His Majesty, the American (1919) Poster

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7/10
The amazing Douglas Fairbanks swings into action once more.
Silents Fan31 December 2005
In a prologue, Douglas Fairbanks tells us that this is the first film produced by the new United Artists studio, so the film has greater historic significance than it might command on its merits. This film is simply a vehicle for Fairbanks to do what he does best: run, jump, leap, dash, bolt and generally bounce around like a rubber ball. The plot, such as it is, revolves around Bill Brooks, a kidnapped European prince raised in luxury in America without any knowledge of who he is or where his lavish support comes from. Not having to work for a living, he spends his time seeking adrenaline rushes as an amateur firefighter and policeman. One of the best sequences in the film is when Fairbanks swings back and forth from the balcony of an adjacent building to a burning tenement to rescue a trapped family and their cat. He then toddles off to Mexico and captures Poncho Villa, just for an afternoon's diversion. All of this is but an excuse to see Fairbanks do his stuff and serves as a prologue to the real story. Traitors and foreign spies are inciting the population of the kingdom to revolt against the aging king (Sam Sothern). The prince is summoned to return home and save the kingdom. Prince Bill outwits the plotters, summons the cavalry and rides to the rescue. What were you expecting? Shakespeare? Tennessee Williams? Anyway, Fairbanks is always worth watching, plot or not plot. If you like Doug Fairbanks (and who doesn't?) you will enjoy this photoplay.
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8/10
A Summation of Fairbanks Comedy
Cineanalyst31 December 2009
Warning: Spoilers
"His Majesty, the American" is historically noteworthy as the first film distributed by United Artists. It begins with an introductory title acknowledging this precedent, followed by Douglas Fairbanks performing a somersault while tearing through the title and, then, winking at the camera. Fortunately, the movie that follows this historical recognition is one of Fairbanks's best comedies. The following year, with "The Mark of Zorro", Fairbanks would begin his transformation to swashbuckling action hero, but in the first part of his career, he made modern comedies such as this one.

The film follows the common formula of Fairbanks's vehicles: introduced as restlessly exuberant, his character finds New York City to be stifling his insatiable need for adventure and action. In this one, he begins by assisting the New York fire and police departments. He rescues a family from a burning tenement by scaling the adjacent building and swinging across it—a good scene early on for Fairbanks's stunts and the mechanical effects, including smoke, for the fire. He also aids in a police raid—a scene that includes a removed-wall-shot to reveal a view of multiple rooms. After New York proves to be no longer exciting, he travels southwest for excitement, which was a common direction in these vehicles, such as in "Wild and Woolly" (1917). (Amusingly, one title card uses the phrase "wild and woolly" and another uses "hell's hinges", the latter of which was the title of a William S. Hart western.) He goes to Mexico where he chases down Pancho Villa (not the first time Fairbanks and his collaborators took sides on current events and exploited them for humor). Meanwhile, the film crosscuts Doug's scenes with those of intrigue over succession to the thrown in a fictional European state, which our hero soon becomes involved in. Fairbanks has similar narratives of royalty and battle over monarchial succession in "The Americano" (1916) and "Reaching for the Moon" (1917), which anticipate the plots of his historical/costume swashbucklers such as "Robin Hood" (1922).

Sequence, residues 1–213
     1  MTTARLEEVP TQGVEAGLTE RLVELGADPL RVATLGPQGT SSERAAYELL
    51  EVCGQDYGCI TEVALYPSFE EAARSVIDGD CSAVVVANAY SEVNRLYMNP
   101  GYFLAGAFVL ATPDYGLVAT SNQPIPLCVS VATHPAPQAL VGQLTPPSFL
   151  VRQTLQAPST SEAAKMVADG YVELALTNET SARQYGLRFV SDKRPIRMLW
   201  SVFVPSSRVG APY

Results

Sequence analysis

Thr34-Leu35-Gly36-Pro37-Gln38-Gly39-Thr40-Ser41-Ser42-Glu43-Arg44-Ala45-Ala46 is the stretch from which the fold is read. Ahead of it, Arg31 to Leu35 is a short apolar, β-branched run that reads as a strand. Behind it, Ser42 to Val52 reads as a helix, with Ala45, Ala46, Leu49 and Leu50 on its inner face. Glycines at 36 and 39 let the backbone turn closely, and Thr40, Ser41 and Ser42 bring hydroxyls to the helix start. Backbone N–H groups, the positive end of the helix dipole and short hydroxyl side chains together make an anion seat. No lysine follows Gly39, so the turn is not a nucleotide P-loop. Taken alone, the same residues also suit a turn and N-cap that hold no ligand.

There's so much intrigue and many twists going on in this scenario that Doug doesn't meet the girl until the picture is already an hour in. Regardless, this film is a lot of fun, including some especially elaborate chases where Doug uses his wit and athleticism to avoid capture. It doesn't even seem to matter that not everything seems to make sense—such as the details as to how Doug became an estranged son, where and why he was getting money in America and why someone supposedly loyal to the King would keep such a secret until after his death. According to director Joseph Henabery, much of the film had to be rearranged after the US didn't join the League of Nations, as originally the picture was built around supporting President Woodrow Wilson's vision (Jeffrey Vance, "Douglas Fairbanks").